I don't need Harvard researchers to tell me brain function can begin to decline in our 40s. I live it every day. I find it more difficult all the time to remember what I read, a pretty big problem considering I'm paid to read and disseminate lots of wide-ranging content on issues related to executive IT management.
Earlier today, to help illustrate the point that it's important to be as accurate as possible when determining the total cost of ownership of an IT project, I linked to an IT Jungle article on 10 practices to please your CFO in 2010. Thank goodness I had just read an excellent post on risk management by IT Business Edge VP Ken-Hardin earlier this morning, or I never would have connected it to one of the other nine suggested practices in the article, including both business and IT in continuity planning..
Ken's lesson on business continuity hinges on the experiences of a mid-sized online payment processor whose frugality concerning redundancy and power allocation led it to experience two one-hour-plus service outages in a month, costing the company at least $1 million in lost transactions plus "significant" service-level agreement credits. You can fault IT, sure, and many probably will. But Ken wonders why a CFO or other business executive wasn't paying more attention to these issues, which relate more to contract management than to the execution of a given technology. He wrote:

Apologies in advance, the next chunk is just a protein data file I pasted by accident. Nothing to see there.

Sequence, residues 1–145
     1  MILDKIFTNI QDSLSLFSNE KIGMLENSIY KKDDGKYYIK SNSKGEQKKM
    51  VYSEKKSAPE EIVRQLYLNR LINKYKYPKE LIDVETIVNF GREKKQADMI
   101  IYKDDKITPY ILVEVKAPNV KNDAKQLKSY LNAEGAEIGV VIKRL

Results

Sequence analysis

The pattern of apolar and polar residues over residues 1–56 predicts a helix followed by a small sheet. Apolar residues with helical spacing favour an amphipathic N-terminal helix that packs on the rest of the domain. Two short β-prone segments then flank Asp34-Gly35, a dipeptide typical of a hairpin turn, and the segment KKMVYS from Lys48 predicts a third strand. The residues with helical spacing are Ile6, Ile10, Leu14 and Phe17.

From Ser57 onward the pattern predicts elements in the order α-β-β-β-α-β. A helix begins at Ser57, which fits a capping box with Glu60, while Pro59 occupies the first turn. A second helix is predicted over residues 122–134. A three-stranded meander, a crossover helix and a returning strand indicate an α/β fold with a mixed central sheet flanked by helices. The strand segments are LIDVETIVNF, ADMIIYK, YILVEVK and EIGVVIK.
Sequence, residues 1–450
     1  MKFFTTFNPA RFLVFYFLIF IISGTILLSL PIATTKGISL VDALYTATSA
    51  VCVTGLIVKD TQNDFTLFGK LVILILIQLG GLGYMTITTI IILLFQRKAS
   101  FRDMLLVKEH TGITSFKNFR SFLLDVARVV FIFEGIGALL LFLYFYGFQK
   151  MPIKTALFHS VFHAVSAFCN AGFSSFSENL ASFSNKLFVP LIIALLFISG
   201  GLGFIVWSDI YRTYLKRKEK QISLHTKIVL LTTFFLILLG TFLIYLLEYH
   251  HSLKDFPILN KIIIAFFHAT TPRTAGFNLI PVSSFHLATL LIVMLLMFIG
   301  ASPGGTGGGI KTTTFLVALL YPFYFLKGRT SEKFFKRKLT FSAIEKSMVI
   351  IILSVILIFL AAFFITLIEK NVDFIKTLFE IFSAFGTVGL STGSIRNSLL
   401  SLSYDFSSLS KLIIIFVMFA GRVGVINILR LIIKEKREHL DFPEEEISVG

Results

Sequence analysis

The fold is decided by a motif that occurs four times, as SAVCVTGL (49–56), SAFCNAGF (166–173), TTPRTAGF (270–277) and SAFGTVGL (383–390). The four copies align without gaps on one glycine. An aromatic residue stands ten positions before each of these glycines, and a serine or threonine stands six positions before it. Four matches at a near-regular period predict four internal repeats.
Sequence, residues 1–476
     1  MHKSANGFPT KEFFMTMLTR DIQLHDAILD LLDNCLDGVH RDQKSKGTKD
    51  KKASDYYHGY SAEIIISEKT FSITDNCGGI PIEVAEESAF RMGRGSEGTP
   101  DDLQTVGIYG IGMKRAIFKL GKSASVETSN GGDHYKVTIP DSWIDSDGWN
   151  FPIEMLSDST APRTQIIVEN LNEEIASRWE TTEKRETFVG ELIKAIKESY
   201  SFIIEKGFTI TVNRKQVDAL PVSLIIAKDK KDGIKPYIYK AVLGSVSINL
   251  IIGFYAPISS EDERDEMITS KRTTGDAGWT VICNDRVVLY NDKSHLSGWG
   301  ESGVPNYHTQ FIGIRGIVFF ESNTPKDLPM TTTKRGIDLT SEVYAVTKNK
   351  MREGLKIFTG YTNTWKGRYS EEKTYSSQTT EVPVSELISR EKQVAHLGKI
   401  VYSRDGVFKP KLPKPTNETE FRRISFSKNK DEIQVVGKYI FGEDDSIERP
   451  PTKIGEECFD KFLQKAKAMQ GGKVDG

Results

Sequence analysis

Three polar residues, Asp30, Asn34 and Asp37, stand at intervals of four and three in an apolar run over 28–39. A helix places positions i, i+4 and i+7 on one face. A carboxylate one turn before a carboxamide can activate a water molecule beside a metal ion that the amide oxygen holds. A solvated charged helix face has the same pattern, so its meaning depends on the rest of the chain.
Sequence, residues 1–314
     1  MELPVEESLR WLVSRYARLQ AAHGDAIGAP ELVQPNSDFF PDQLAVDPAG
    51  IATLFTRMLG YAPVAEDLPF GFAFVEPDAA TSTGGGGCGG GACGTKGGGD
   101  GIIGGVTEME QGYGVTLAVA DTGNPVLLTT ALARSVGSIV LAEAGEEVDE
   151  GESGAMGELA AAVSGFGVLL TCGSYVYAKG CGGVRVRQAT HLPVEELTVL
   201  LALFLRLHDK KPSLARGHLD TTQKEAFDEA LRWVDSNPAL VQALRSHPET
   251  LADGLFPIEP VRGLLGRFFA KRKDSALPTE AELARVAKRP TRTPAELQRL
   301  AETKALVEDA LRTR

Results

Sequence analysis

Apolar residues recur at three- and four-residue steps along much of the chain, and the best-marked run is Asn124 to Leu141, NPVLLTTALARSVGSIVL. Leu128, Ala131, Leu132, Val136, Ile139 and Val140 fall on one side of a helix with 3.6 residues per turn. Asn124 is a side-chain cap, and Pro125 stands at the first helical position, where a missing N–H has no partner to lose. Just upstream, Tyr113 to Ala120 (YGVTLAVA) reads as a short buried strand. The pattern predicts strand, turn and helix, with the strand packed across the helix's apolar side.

At mid-sized companies, execution of these deals still falls under IT, of course, but my experience has been that Finance maintains a more intimate role in reviewing contracts. And smaller companies are more flat, in general-some LOB should have been wailing about this before things went south.
Ken spoke to IT Business Edge program manager Andrea Receveur, who found fault with both project management and technical teams. She also suggested stress testing might have helped, noting that "scalability should be one of the first things a project team discusses when they begin the requirements/design phase of any new or upgraded system."
Ken adds that most of the cross-functional project teams he's been on spent a lot of time discussing functionality and payoff metrics, while leaving contract management to IT. So getting folks together to sing "Kumbaya" won't help, unless they are also willing to address the niggly isuses along with the big-picture ones.
Irwin Teodoro, director of engineering for systems integrator Laurus Technologies and author of the IT Jungle article, suggests IT shouldn't be expected to "determine which business units are most important, what priorities should exist after a disaster, and how to ensure business continuity is removed" with no input from the business. True that. Decisions made in a vacuum rarely turn out well.
Because of the possible financial ramifications, business continuity is an issue that truly demands input from both the business and IT. Few projects won't benefit from it. Companies should require it when considering new collaboration technologies -- at least if there's an expectation that folks across the company will use them. In a post from all the way back in March, Sarah Denman discusses the four groups that should participate in collaboration technology projects.